06-25-2018 06:08:20 AM -0700
06-24-2018 07:05:35 PM -0700
06-24-2018 01:33:26 PM -0700
06-23-2018 11:28:09 AM -0700
06-22-2018 05:46:20 PM -0700
It looks like you've previously blocked notifications. If you'd like to receive them, please update your browser permissions.
Desktop Notifications are  | 
Get instant alerts on your desktop.
Turn on desktop notifications?
Remind me later.

Rock Bottom: Die Hard 5 at Direct-to-DVD Level

Bam. Pow. Boom. The three-way chase is long (nearly 20 minutes), and it’s certainly loud, with plenty of crunching steel and squealing tires, but thanks to sloppy editing and a lack of urgency in the story (far from being terrified of the villains, we barely know who they are, plus John McC doesn’t even belong here) it’s about as dramatically affecting as a demolition derby. The director, John Moore, is an undistinguished journeyman (his credits include the remake of Flight of the Phoenix, the remake of The Omen and Max Payne), which is a nice way of saying he’s a talentless hack.

The choices of such inexplicable mediocrities as Courtney and Moore to be costar and director in an installment of one of Twentieth Century Fox’s proudest franchises scream “cost-cutting move,” and yet the rest of the movie is if anything even worse than the so-so chase scene. John and Jack spend the movie bitching at each other, tossing out brainless one-liners (Willis repeats the “Yippee ki-yay” line one more time, in a pitiable play for the nostalgia vote) and gradually learning to work together as they shepherd Komarov through a series of attacks. As it turns out, the “file” everyone has been after gets forgotten, and the ultimate goal turns out to be... what it always turns out to be: protecting a stash of enriched uranium.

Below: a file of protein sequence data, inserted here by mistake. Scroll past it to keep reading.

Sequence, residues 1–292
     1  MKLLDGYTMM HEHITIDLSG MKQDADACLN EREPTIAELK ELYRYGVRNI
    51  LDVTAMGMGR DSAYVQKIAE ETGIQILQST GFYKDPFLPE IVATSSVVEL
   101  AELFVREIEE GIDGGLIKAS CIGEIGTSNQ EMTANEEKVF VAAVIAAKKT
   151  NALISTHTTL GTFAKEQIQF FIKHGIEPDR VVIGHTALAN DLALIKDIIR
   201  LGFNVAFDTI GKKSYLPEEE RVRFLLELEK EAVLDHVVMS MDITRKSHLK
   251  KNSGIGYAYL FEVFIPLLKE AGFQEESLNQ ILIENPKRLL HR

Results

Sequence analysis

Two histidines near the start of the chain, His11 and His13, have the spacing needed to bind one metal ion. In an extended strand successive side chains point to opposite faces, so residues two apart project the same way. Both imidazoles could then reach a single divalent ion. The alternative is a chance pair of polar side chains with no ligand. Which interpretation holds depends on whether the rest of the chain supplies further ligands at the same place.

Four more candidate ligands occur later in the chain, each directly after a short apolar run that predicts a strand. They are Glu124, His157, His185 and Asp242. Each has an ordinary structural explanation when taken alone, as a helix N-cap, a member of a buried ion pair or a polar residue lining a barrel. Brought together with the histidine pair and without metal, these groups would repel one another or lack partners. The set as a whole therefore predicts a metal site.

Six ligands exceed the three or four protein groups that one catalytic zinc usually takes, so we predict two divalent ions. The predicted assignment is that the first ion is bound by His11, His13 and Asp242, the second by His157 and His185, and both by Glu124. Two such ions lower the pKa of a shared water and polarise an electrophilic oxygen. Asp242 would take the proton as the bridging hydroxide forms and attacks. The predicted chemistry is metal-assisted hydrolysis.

The climax, set at night in an industrial wasteland that looks like New Jersey’s worst nightmare, is eyeball-scorchingly unattractive, eardrum-puncturingly loud and mindlessly dull, as John and Jack face off against the mob’s sexiest killing machine Irina (Yuliya Snigir), who tries to take everyone out with a helicopter. Mountains of ammo are expended by each side, but as Willis dashes around cracking wise, there’s no sense of him actually outsmarting the villains as in the sanctified original Die Hard 25 years ago. Instead, he just seems lucky and indestructible, ducking under gunfire and effortlessly pulling off feats of physical fitness that don’t look terribly likely for a man Willis’s age. The thrills in this scene and in this movie are, as a result, nonexistent: It all just seems tired and absurd. A Good Day to Die Hard is a good way to die of boredom.


More recent reviews from John Boot:

Steven Soderbergh’s Strange Swan Song

With Django Unchained, Is QT Devolving Into the Weird Al Yankovic of Cinema?

Sean Penn Embarrasses Himself in Over-Acted Gangster Squad